'Open Carry' Gun Laws Spark Texas Backlash
Last week, not long after a lone gunman's rampage in Santa Barbara, California, Texas witnessed an unnerving series of demonstrations.
Groups of young men, armed with tactical long rifles slung across their backs, began showing up at restaurants like Chili's and Chipotle, Sonic and Jack in the Box, to mention a few, as part of their response to another anguished gun control conversation.
The fast-food-while-heavily-armed political protests — "You want some chili fries with your AK-47?" — didn't go well. These men — in their 20's, dressed in T-shirts, jeans and camouflage and carrying assault rifles – sounded more than a bit immature in a YouTube video they made.
Despite their wan humor in the restaurants' entryways, there is tension from the moment the eight men arrive. A nervous young manager confronts them and denies them entry as long as they're armed.
At one point, a woman customer approaches them and says, "There are children here. You're a dumbass."
Surprised, one of the young man responds weakly, "Yeah, I'm a dumbass."
It was only after the woman's back turns to him, as she angrily walks away, does he crack wise that she must be with Moms Demand Action – a gun control group.
As the protestors, sans food, lugged their rifles back to their cars in the parking lot one of the young men giggles to the camera that he feels like he's being disciplined by his Mom. The whole exercise turned out to be humiliating: nothing like the powerful expression of liberty they'd had in mind.
By posting the painfully awkward video for all to see, they left little doubt as to just how politically lost they are.
The young men had picked those North Texas restaurants because they perceived them to be gun friendly, which they were. But it's a matter of degree.
Brinker International is not going to let gun enthusiasts hump in a lot of heavy artillery and scare their Chili's customer base away — which, in the age of American mass murder, it does.
After the armed protests, Chili's and Sonic quickly issued statements that they no longer welcomed openly armed customers. Four other national chains joined them.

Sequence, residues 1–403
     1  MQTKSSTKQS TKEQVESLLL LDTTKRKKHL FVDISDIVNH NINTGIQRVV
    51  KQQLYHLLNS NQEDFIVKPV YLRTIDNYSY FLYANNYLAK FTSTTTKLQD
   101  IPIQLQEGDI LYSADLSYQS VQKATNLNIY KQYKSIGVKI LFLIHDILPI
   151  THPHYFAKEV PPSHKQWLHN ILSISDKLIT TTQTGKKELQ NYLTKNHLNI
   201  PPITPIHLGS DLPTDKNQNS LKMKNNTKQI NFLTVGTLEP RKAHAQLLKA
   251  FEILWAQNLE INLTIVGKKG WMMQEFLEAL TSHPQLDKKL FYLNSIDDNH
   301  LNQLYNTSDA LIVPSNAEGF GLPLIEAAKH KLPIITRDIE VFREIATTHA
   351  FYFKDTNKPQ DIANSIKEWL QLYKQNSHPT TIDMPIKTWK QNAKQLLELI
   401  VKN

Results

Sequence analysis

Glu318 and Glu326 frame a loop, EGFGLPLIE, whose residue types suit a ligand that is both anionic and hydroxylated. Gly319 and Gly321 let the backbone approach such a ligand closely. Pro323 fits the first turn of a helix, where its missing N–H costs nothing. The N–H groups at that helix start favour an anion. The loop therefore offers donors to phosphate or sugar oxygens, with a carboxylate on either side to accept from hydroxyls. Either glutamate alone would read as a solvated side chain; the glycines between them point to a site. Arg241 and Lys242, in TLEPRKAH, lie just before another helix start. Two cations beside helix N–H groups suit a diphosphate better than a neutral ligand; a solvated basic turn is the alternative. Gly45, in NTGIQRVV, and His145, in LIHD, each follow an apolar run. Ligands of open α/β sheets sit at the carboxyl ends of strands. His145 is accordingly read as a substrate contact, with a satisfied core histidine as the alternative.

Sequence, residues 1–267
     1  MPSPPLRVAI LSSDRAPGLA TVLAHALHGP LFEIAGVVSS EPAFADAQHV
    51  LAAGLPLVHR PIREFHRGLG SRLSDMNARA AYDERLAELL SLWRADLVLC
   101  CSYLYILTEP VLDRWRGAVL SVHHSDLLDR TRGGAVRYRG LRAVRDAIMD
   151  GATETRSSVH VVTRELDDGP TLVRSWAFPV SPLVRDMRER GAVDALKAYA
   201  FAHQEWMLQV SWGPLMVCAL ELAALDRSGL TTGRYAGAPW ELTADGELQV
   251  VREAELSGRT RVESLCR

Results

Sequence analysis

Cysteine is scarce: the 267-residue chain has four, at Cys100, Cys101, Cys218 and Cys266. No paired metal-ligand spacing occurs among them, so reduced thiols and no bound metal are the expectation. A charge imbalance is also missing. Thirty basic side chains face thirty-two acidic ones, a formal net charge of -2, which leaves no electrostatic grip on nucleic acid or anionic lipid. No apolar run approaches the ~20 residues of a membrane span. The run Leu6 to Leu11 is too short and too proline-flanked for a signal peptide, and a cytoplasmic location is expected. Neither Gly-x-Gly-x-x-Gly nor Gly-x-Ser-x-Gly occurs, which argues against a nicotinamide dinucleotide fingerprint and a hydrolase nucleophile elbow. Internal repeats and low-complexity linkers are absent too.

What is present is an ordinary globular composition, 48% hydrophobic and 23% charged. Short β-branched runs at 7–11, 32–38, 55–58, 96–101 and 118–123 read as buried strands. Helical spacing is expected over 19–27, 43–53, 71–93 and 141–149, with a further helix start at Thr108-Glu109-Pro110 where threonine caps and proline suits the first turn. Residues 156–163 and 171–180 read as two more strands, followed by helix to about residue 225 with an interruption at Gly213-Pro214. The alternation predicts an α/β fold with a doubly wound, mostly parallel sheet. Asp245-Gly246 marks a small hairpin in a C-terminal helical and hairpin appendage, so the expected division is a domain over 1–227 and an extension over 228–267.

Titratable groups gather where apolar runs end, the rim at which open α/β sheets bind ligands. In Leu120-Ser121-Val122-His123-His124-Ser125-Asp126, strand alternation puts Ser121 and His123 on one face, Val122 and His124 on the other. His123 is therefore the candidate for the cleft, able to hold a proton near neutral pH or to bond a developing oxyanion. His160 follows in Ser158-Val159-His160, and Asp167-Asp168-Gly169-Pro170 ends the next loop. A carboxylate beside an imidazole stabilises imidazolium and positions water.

The city of Arlington reacted by changing municipal ordinances to make it more difficult for anyone carrying rifles to approach drivers on the road and distribute pocket sized copies of the Constitution — not only was it scaring the motoring public, it seemed an invitation to an unintended gun battle by way of misunderstanding. This is Texas after all: it's not just the guys with rifles who are packing.
The backlash has so become so potent even the NRA joined in.
"Now we love AR-15's and AK's as much as anybody," the NRA wrote in a press release before continuing on to call the "dubious" protest "weird," "downright scary" and "counterproductive."
"This not the Texas way" the May 30 missive concludes.
A few days later, though, the NRA backtracked, explaining that the criticism "was a mistake" that shouldn't have happened since the organization doesn't "criticize the lawful behavior of fellow gun owners."
The open carry movement is fighting back, in any case, and has called on all their supporters to bring their rifles with them to the Texas Republican Party Convention at the Fort Worth Convention Center this week. Fort Worth responded by announcing citizens could walk around on the sidewalk outside the convention center with their long guns but they weren't bringing them inside where alcohol is served. Moms Demand Action weighed in, too, this week: the group is demanding that giant retailer Target create policies to stop people from carrying weapons in their stores.
The lesson seemed to be, the harder the "open carry" movement pushes, the more pushback they're going to get. Even in Texas.
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